Due to their vigorous rhizomes (root systems) and fast-growing tendencies, bamboo is able to quickly take over an area. If left to their own devices, they will form monocultures and once established can be incredibly difficult to exterminate. Bamboo can easily spread from well-intended plantings installed with root barriers, but it can also emerge from pieces of bamboo that land in unintended places, such as the remnants of discarded bamboo that ended up in Alger Park. Simply cutting back exposed bamboo isn’t effective to get rid of bamboo since this will trigger the underground system to accelerate growth outward from the location that was trimmed and result in a resurgence. These factors make bamboo a major issue for property owners. If any amount of bamboo is introduced nearby or on-site, there is a strong likelihood that a lot, yard, or garden could be overridden by this unyielding, woody perennial.

Some folks consider installing bamboo on the edges of their property for privacy as the large mass of tall stems can create a barrier; however, local jurisdictions require property owners to control and maintain bamboo including neighboring properties if it spreads (which it often does due to the previously mentioned considerations). In Fairfax County, Virginia property owners can be fined $50 a day for “running bamboo” that grows beyond their property line as well as penalties for each additional property the bamboo invades.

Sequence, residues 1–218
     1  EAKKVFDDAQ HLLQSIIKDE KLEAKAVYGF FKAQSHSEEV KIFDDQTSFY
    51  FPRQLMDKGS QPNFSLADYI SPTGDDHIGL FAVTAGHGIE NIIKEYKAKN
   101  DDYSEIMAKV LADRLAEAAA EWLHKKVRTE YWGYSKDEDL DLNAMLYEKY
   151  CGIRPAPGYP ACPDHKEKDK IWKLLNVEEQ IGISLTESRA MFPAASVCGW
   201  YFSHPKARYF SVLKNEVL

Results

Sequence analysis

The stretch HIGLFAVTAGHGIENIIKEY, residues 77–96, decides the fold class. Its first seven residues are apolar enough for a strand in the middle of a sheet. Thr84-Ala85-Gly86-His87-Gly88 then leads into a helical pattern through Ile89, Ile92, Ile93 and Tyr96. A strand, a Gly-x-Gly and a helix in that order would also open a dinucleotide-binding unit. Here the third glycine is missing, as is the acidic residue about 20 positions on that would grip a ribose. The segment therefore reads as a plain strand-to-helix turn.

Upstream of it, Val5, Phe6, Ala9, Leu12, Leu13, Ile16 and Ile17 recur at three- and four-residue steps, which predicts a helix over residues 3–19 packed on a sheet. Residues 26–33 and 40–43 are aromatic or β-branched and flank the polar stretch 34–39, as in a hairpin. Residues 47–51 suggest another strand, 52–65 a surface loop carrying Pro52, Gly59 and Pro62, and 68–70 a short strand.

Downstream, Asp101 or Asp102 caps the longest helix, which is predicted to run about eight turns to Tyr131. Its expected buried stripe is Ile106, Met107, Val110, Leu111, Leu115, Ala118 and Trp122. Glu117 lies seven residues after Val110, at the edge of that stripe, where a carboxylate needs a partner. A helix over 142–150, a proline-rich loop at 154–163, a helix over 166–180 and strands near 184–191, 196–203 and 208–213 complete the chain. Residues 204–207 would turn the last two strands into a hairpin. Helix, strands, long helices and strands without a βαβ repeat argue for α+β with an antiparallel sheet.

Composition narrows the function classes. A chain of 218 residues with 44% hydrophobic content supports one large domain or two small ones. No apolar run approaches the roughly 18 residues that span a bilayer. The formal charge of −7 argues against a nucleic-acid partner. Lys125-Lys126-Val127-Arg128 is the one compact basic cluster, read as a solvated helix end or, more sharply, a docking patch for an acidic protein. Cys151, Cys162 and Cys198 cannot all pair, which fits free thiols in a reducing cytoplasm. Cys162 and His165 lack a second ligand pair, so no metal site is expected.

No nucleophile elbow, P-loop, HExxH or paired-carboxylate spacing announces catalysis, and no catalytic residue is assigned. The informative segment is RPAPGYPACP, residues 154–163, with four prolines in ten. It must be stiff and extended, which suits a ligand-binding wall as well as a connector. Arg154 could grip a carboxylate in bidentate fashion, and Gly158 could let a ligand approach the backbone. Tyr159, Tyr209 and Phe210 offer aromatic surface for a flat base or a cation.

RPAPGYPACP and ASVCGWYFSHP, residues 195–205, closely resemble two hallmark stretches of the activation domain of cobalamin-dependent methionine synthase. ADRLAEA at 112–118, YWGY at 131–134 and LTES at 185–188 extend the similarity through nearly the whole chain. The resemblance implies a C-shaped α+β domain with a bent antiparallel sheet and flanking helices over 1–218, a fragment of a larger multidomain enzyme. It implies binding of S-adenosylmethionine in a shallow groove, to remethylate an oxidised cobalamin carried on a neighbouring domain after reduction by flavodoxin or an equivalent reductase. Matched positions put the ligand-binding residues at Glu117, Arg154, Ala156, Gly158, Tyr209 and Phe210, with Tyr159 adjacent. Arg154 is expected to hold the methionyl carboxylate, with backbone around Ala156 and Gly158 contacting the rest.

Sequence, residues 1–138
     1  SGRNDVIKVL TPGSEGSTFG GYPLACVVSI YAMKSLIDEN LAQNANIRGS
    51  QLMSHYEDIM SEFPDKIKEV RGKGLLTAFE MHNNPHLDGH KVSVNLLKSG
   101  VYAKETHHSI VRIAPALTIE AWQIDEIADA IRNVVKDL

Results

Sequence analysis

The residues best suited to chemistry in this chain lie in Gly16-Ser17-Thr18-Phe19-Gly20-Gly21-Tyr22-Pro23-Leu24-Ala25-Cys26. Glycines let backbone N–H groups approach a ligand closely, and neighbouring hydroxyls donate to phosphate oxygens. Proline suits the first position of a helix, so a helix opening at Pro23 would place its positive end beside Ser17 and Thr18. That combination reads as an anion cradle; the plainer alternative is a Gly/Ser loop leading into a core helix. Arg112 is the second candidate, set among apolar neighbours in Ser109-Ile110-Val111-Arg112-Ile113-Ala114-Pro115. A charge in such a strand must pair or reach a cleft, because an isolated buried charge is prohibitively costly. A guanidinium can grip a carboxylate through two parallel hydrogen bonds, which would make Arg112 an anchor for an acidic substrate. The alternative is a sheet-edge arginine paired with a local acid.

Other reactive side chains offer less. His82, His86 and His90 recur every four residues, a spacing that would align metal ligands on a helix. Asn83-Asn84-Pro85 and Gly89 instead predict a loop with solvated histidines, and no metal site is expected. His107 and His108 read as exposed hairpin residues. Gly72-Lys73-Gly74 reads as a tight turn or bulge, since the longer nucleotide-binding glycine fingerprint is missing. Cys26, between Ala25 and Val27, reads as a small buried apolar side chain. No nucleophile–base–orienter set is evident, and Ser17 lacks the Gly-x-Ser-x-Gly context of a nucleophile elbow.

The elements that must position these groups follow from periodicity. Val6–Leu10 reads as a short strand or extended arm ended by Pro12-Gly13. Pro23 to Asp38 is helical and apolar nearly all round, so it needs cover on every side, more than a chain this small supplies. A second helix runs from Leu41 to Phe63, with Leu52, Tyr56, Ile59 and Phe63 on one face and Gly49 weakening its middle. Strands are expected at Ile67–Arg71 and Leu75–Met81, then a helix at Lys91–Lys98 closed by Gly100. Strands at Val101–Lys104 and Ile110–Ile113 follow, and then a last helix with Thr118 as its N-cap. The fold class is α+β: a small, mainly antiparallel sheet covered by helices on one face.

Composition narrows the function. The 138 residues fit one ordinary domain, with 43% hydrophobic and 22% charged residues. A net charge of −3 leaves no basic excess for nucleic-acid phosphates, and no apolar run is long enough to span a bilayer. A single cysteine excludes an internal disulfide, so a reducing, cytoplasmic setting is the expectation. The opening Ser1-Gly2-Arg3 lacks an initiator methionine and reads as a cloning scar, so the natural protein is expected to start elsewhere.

When trying to get bamboo (or any invasive species) under control, property owners should determine which species they are dealing with and research what methods are best for that specific bamboo. Also, if property owners hire a third party to facilitate the bamboo removal, they should be sure the company has experience with best management practices.

Native Plant Alternatives

Rather than plant highly invasive bamboo, property owners should consider grasses (like switchgrass, Panicum virgatum), shrubs (perhaps winterberry, Ilex verticillata), and trees (such as cockspur thorn, Crataegus crus-galli, or American wild plum, Prunus americana) native to their environment for creating ‘natural fencing’. Check out the Alliance’s Native Plant Center for more ideas! Utilizing native alternatives will help avoid having to tackle the resiliently stubborn bamboo and the potential resulting conflict with frustrated neighbors or officials!

Native plants are superior to non-natives for numerous reasons. Native plants have co-evolved and adapted to the soils, climates, and other local conditions. They will thrive in the soils, moisture and weather of your region, so they require less maintenance (saving property owners money on mowing, fertilizing, and watering!) Wildlife, pollinators, and other fauna depend on the species of plants that are indigenous to your region. Native plants strengthen the overall biodiversity of an ecosystem resulting in a more resilient environment and their deeper, more extensive root systems prevent erosion and provide filtration which is great for your watershed!

A bumblebee sitting on a purple flower

Photo Credit: Alberti 2022

It’s not just bamboo that is difficult to eradicate. Most invasive species aren’t easy to remove from their introduced habitats – that is definitely the case for the next invasive species in this blog series! Stay tuned next month to learn more. (Hint: you can see it in the last photo on this blog!)

thick vegetation

Photo Credit: Parsons 2023